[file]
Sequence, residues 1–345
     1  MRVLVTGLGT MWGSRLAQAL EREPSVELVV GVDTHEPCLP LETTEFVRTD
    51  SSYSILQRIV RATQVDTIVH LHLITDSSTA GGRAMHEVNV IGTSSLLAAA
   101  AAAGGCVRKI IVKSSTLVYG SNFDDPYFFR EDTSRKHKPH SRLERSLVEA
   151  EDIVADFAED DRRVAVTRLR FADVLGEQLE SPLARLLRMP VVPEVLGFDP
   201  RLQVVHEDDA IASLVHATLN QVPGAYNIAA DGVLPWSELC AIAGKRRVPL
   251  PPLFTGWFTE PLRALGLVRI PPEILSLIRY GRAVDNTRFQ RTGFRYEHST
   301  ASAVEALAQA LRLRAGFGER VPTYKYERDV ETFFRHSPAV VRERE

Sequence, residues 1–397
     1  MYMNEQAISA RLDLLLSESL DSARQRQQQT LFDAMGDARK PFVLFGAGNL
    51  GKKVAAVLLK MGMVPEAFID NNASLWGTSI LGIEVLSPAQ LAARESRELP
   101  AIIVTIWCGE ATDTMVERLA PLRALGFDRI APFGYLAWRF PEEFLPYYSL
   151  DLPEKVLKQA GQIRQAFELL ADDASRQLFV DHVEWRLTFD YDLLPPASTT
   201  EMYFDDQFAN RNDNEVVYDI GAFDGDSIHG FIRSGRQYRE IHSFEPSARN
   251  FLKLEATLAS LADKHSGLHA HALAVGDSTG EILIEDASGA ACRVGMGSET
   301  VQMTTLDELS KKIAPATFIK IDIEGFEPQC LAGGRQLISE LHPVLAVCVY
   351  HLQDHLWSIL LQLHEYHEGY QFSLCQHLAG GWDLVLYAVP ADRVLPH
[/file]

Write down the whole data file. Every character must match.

Sequence, residues 1–345
     1  MRVLVTGLGT MWGSRLAQAL EREPSVELVV GVDTHEPCLP LETTEFVRTD
    51  SSYSILQRIV RATQVDTIVH LHLITDSSTA GGRAMHEVNV IGTSSLLAAA
   101  AAAGGCVRKI IVKSSTLVYG SNFDDPYFFR EDTSRKHKPH SRLERSLVEA
   151  EDIVADFAED DRRVAVTRLR FADVLGEQLE SPLARLLRMP VVPEVLGFDP
   201  RLQVVHEDDA IASLVHATLN QVPGAYNIAA DGVLPWSELC AIAGKRRVPL
   251  PPLFTGWFTE PLRALGLVRI PPEILSLIRY GRAVDNTRFQ RTGFRYEHST
   301  ASAVEALAQA LRLRAGFGER VPTYKYERDV ETFFRHSPAV VRERE

Sequence, residues 1–397
     1  MYMNEQAISA RLDLLLSESL DSARQRQQQT LFDAMGDARK PFVLFGAGNL
    51  GKKVAAVLLK MGMVPEAFID NNASLWGTSI LGIEVLSPAQ LAARESRELP
   101  AIIVTIWCGE ATDTMVERLA PLRALGFDRI APFGYLAWRF PEEFLPYYSL
   151  DLPEKVLKQA GQIRQAFELL ADDASRQLFV DHVEWRLTFD YDLLPPASTT
   201  EMYFDDQFAN RNDNEVVYDI GAFDGDSIHG FIRSGRQYRE IHSFEPSARN
   251  FLKLEATLAS LADKHSGLHA HALAVGDSTG EILIEDASGA ACRVGMGSET
   301  VQMTTLDELS KKIAPATFIK IDIEGFEPQC LAGGRQLISE LHPVLAVCVY
   351  HLQDHLWSIL LQLHEYHEGY QFSLCQHLAG GWDLVLYAVP ADRVLPH